The practice of paying individuals with disabilities subminimum wage is legal under Section 14(c) of the Fair Labor Standards Act of 1938, a federal law. In September 2020, the U.S. Commission on Civil Rights called for an end to subminimum wage in a report, saying that the program has been “inconsistent with the civil rights protections to which people with disabilities are entitled.” To date, several states have, or are in the process of, ending subminimum wage for people with disabilities or are in the process of phasing it out.

The federal grant will fund Pennsylvania’s Integrated Vocational Engagement and Supports Team (InVEST) Project, a wraparound model for assisting individuals with disabilities — including those considering or currently engaged in employment at subminimum wage — their families and employers, to move from subminimum wage employment to competitive, integrated employment.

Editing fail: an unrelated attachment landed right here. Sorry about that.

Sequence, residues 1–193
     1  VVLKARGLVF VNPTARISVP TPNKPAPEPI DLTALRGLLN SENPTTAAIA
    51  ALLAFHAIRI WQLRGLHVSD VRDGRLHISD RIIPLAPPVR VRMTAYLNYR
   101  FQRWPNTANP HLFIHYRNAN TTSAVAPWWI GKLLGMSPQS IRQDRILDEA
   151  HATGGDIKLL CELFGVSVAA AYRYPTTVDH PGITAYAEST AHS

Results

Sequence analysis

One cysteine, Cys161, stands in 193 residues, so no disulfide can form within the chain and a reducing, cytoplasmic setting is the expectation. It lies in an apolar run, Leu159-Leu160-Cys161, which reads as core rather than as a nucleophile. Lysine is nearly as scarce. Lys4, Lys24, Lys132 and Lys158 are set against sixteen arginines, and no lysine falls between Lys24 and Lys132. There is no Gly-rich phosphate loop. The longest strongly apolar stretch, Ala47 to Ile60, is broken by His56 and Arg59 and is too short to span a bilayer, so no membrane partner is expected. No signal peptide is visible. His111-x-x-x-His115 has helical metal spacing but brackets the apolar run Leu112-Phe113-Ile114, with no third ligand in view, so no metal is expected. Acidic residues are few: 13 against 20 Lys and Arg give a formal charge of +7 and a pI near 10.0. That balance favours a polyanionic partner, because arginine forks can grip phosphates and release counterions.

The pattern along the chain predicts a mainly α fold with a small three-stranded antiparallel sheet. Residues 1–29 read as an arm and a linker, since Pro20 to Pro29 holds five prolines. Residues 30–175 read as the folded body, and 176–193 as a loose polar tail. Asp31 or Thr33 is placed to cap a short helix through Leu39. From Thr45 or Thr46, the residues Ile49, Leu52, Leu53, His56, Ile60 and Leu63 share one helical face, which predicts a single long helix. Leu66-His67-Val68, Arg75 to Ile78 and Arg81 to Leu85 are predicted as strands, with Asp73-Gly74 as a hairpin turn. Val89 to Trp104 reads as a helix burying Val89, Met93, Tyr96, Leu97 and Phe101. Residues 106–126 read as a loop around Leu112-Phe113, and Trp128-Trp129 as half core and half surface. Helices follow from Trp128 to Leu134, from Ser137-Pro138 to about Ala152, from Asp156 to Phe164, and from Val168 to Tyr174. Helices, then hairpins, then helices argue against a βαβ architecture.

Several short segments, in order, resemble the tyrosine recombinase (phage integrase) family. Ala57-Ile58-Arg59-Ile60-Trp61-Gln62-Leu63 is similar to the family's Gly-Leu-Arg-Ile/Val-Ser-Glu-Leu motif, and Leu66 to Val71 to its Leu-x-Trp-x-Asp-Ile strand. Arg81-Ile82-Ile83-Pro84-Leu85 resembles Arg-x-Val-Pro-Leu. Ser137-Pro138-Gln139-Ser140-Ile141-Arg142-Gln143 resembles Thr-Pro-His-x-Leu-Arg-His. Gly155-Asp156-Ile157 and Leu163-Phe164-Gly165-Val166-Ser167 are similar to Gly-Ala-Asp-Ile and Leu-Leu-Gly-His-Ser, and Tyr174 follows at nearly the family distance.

The project aligns with the commonwealth’s Employment First philosophical approach that CIE be the first and preferred option and will enhance the commonwealth’s existing network of community rehabilitation service providers by allocating additional resources for staff who will work directly with CIE employers proactively engaged in supporting employees with disabilities and creating a culture of accommodation for all employees. These employer liaisons and employment specialists will be embedded with CIE employers to support employees with disabilities, facilitate communication, create a smooth hiring process, and provide on-the-job supports to ensure success. An interdisciplinary and collaborative resource team will anticipate and respond to the SWTCIE participants’ employment-related needs.